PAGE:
X-Men: Days of Future Past

PLOT (spoiler alert!!!):

In a dystopian future, sentient robots known as Sentinels are exterminating mutants and oppressing humans, since humans harbor the genes that lead to mutant offspring. A small band of mutant survivors manage to evade the Sentinels thanks to the powers of Kitty Pryde, who has the ability to project a person’s consciousness back in time to deliver warnings.

Kitty’s group rendezvous with Magneto and Professor Charles Xavier in a monastery in China. They hatch a plan to send Wolverine’s consciousness back in time to prevent Mystique from murdering Bolivar Trask, the lead designer of the Sentinels. Trask’s assassination will make him a martyr, Mystique will be captured and her mutant powers will be reverse-engineered and used to create the formidable Sentinels of the future. A caveat of the plan is that they will have to stand and defend Wolverine and Kitty until Wolverine finishes his trip to the past and returns, otherwise the changes he made to the timeline will be lost.

Wolverine wakes up in 1973 in his younger body. He travels to the X-Mansion, where he encounters the young Hank McCoy and a disheveled Xavier. His school has failed and most of his original X-Men are dead, and this has left him a broken man. He has also lost his telepathic powers through taking serum which allows him to walk again. Wolverine convinces Xavier to free Magneto — who was accused of murdering John F. Kennedy (a charge he denies, stating that Kennedy was himself a mutant) — from a prison cell beneath The Pentagon. They do this with the help of Peter Maximoff, a mutant who can move blindingly fast.

Trask unsuccessfully lobbies to Congress for approval for his Sentinel program. Meanwhile, in Saigon, Mystique prevents a young William Stryker from appropriating a group of mutant American GIs, including Havok, for Trask’s research. Mystique investigates Trask Industries and discovers he has been capturing and experimenting on mutants, including some of her old comrades. Knowing that the assassination of Trask occurs in Paris, Xavier and Magneto board a private plane with Beast and Wolverine in order to intercept Mystique, although the two argue over abandoning each other.

In Paris, the Americans and Vietnamese are negotiating the end to the Vietnam War. Mystique impersonates a Vietnamese general to infiltrate a meeting with Trask. As she is about to kill Trask, Wolverine, Xavier, Magneto and Hank arrive. To guarantee her powers can never be used for the Sentinels, Magneto tries to kill Mystique, who flees out a window. A fight on the street ensues, in front of onlookers and television cameras. Wolverine’s upsetting encounter with Stryker causes his future body to react violently and injure Kitty.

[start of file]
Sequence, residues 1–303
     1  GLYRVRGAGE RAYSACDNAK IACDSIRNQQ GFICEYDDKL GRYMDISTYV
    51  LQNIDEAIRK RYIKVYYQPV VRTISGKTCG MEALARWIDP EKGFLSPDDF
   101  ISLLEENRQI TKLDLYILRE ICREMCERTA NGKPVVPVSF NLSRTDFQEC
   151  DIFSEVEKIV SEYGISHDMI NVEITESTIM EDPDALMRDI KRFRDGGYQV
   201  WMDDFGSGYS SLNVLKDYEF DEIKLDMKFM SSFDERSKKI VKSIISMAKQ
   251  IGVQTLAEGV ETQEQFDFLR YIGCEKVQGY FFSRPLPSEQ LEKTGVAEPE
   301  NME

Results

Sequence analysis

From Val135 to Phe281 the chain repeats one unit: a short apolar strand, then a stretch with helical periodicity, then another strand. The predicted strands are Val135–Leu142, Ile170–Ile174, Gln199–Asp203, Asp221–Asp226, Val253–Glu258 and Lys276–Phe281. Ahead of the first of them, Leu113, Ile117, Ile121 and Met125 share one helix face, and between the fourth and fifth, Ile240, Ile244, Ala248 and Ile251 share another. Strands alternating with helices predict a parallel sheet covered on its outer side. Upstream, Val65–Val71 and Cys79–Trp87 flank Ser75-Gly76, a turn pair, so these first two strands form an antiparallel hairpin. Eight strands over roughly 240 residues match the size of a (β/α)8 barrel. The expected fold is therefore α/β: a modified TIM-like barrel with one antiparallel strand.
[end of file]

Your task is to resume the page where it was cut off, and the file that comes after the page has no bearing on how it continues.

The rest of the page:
Although Trask is saved, the world is horrified by the existence of mutants. President Richard Nixon approves Trask’s Sentinel program and arranges an unveiling in Washington, D.C. Trask’s scientists recover Mystique’s blood from the battle site in Paris, and Magneto fears Trask could still create the future Sentinels. Magneto intercepts the Sentinel prototypes on their way to Washington and laces them with steel, as he would not be able to control them otherwise since they’re made of polymer. At the mansion, Xavier eschews his regular serum dose to regain his powers. Through Wolverine, Xavier communes with his future self and is inspired to struggle for human-mutant peace once again. He uses Cerebro to track Mystique en route to Washington.

Nixon unveils the Sentinel prototypes on the White House lawn. As a show of force, Magneto raises RFK Stadium and deposits it around the White House. He also commandeers the Sentinels and has them attack the crowd. Nixon and Trask are taken to a safe room, followed by a disguised Mystique. Xavier, Wolverine, and Beast try to stop Magneto. Magneto impales Wolverine with rebars and flings him into the Potomac River. In 2023, the X-Men make their final stand as the Sentinels assault the monastery.

Pulling the safe room out of the White House, Magneto aims the television cameras at himself and prepares to kill the President with the whole world watching. Disguised as the President, Mystique wounds him with a plastic gun and reveals her true form. Xavier persuades Mystique not to kill Trask and allows her and Magneto to flee. Mystique’s interference is seen as a Mutant rescue of the president; the Sentinel program is cancelled and Trask is arrested.